Centromedian-Parafascicular and Somatosensory Thalamic Deep Brain Stimulation for Treatment of Chronic Neuropathic Pain: A Contemporary Series of 40 Patients.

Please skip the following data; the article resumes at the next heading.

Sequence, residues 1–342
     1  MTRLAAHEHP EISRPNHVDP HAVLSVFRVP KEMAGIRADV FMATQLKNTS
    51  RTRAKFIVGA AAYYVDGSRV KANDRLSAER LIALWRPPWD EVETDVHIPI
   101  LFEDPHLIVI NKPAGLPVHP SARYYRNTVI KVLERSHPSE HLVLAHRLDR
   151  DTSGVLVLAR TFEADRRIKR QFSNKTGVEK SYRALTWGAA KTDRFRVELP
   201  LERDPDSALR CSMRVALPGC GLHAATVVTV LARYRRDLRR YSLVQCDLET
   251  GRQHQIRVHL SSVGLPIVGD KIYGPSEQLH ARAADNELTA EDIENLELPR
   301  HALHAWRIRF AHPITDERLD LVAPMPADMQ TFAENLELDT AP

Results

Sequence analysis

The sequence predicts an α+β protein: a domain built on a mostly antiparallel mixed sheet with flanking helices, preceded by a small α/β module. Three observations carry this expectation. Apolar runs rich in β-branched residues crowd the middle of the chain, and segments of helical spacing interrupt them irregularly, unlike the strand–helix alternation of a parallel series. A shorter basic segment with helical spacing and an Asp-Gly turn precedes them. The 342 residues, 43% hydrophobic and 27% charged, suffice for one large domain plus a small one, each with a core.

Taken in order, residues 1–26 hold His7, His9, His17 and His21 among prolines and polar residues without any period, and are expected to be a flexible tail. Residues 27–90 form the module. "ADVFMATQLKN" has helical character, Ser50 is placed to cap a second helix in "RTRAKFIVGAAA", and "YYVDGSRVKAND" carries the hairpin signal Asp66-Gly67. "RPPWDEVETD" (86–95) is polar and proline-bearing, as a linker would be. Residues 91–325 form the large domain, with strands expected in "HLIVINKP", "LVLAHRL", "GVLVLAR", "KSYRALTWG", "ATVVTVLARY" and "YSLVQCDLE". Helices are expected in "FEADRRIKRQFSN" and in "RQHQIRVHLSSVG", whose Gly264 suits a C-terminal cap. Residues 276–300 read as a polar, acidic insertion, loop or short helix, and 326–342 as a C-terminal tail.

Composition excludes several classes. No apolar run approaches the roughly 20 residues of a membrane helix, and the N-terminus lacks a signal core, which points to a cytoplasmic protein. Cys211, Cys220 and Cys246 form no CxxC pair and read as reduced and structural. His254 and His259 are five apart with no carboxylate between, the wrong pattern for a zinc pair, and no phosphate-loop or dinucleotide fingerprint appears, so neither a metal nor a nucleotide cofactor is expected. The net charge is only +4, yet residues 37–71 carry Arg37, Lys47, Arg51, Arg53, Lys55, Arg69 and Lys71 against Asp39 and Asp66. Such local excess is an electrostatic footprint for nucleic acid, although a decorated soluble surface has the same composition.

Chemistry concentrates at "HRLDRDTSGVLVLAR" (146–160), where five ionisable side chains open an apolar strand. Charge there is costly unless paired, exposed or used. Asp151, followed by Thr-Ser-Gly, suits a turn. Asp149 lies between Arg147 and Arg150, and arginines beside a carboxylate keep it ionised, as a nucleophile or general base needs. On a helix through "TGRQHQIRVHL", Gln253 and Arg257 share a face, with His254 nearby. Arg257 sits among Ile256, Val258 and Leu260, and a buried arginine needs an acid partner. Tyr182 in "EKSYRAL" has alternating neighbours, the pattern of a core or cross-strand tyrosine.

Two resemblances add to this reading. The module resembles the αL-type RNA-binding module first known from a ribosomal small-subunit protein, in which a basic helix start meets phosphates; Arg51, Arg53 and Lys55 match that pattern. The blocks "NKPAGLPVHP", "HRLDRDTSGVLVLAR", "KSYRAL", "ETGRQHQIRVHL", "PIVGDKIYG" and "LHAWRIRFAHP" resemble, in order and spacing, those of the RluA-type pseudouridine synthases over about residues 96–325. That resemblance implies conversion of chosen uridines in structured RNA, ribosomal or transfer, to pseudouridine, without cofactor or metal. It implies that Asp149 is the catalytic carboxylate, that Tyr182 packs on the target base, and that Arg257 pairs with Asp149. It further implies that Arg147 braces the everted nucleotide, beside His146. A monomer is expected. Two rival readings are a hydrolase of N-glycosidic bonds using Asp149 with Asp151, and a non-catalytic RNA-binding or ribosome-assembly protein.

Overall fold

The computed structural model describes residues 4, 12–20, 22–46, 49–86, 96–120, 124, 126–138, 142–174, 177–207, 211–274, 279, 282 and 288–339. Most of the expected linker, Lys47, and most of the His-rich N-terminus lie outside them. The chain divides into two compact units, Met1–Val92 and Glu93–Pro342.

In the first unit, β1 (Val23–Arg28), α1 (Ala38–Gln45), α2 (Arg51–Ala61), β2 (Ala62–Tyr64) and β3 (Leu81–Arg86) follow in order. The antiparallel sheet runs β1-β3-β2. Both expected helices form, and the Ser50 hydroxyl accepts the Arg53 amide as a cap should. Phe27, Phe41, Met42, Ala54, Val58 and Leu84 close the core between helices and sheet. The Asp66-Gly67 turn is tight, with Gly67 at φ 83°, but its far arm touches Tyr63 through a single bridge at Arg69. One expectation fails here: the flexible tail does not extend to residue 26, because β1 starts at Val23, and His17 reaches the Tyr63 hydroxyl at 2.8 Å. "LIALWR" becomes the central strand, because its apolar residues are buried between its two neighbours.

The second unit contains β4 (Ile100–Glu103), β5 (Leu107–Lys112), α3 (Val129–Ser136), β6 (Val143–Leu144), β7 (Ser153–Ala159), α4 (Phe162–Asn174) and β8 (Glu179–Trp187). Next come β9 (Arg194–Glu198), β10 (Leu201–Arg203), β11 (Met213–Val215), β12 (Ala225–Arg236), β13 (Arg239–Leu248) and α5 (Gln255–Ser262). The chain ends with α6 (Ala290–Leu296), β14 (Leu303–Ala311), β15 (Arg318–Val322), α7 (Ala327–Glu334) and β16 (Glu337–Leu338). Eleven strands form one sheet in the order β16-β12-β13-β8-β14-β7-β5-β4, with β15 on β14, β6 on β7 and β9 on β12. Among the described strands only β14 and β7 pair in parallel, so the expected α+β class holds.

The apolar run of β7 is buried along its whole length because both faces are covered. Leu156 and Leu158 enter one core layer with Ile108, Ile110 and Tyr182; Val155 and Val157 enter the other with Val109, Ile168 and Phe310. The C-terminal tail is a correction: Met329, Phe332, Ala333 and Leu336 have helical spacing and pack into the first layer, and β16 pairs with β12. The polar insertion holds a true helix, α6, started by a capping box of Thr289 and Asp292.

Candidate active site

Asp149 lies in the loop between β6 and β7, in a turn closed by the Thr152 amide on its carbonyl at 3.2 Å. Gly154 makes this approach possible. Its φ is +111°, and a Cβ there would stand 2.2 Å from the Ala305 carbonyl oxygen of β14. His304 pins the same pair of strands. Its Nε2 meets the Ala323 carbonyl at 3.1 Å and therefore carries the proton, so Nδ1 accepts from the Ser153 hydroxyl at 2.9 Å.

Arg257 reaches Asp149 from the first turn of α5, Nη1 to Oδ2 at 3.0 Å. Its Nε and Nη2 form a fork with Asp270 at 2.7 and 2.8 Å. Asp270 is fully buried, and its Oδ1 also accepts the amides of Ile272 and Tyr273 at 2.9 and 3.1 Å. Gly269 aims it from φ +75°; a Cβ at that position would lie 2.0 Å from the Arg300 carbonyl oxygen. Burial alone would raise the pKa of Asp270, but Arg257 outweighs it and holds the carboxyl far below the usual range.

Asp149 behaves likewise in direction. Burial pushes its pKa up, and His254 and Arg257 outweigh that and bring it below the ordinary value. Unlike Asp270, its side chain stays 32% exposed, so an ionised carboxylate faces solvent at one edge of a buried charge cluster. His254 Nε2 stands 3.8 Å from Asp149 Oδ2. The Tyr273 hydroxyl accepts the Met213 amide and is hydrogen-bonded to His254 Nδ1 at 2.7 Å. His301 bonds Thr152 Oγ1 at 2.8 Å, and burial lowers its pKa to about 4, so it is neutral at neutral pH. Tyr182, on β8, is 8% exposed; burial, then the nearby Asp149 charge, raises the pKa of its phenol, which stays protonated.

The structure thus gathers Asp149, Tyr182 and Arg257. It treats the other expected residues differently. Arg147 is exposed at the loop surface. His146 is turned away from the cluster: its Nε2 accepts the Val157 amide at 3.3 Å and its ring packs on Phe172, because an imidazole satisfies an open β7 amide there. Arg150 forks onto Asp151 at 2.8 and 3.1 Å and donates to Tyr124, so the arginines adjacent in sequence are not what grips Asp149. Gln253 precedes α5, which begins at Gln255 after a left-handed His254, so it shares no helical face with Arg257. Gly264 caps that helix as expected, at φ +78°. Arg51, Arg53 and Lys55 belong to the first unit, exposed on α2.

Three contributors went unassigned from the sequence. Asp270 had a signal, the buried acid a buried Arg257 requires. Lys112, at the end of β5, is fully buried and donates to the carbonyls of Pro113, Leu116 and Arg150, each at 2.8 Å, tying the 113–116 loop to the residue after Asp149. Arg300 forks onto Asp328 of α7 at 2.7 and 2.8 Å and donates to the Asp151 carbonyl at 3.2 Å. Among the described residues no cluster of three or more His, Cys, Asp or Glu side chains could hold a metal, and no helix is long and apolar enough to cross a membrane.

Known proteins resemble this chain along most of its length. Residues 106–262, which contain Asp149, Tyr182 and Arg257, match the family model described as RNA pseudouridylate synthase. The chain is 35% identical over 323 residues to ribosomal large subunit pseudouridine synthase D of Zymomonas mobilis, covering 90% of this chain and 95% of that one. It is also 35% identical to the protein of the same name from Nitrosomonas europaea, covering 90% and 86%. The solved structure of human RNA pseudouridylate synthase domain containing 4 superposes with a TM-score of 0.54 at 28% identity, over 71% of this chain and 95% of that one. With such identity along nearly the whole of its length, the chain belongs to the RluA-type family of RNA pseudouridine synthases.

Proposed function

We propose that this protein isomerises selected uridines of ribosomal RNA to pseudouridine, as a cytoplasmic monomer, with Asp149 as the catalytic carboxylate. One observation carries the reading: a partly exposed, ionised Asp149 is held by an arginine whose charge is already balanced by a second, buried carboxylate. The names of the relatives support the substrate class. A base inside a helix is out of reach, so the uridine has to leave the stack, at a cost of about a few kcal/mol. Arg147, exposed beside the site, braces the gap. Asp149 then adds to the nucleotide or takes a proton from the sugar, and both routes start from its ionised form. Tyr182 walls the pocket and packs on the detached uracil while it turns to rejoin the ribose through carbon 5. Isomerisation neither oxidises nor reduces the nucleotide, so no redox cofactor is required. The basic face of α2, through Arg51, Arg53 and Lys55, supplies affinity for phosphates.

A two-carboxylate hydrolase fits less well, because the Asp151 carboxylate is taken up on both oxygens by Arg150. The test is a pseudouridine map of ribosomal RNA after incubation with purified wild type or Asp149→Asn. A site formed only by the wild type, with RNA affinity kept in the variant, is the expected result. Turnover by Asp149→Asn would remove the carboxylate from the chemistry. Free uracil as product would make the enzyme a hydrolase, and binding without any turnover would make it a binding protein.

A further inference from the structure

Introduction: The treatment of neuropathic and central pain still remains a major challenge. Thalamic deep brain stimulation (DBS) involving various target structures is a therapeutic option which has received increased re-interest. Beneficial results have been reported in several more recent smaller studies, however, there is a lack of prospective studies on larger series providing long term outcomes. Methods: Forty patients with refractory neuropathic and central pain syndromes underwent stereotactic bifocal implantation of DBS electrodes in the centromedian-parafascicular (CM-Pf) and the ventroposterolateral (VPL) or ventroposteromedial (VPM) nucleus contralateral to the side of pain. Electrodes were externalized for test stimulation for several days. Outcome was assessed with five specific VAS pain scores (maximum, minimum, average pain, pain at presentation, allodynia). Results: The mean age at surgery was 53.5 years, and the mean duration of pain was 8.2 years. During test stimulation significant reductions of all five pain scores was achieved with either CM-Pf or VPL/VPM stimulation. Pacemakers were implanted in 33/40 patients for chronic stimulation for whom a mean follow-up of 62.8 months (range 3-180 months) was available. Of these, 18 patients had a follow-up beyond four years. Hardware related complications requiring secondary surgeries occurred in 11/33 patients. The VAS maximum pain score was improved by ≥50% in 8/18, and by ≥30% in 11/18 on long term follow-up beyond four years, and the VAS average pain score by ≥50% in 10/18, and by ≥30% in 16/18. On a group level, changes in pain scores remained statistically significant over time, however, there was no difference when comparing the efficacy of CM-Pf versus VPL/VPM stimulation. The best results were achieved in patients with facial pain, poststroke/central pain (except thalamic pain), or brachial plexus injury, while patients with thalamic lesions had the least benefit. Conclusion: Thalamic DBS is a useful treatment option in selected patients with severe and medically refractory pain.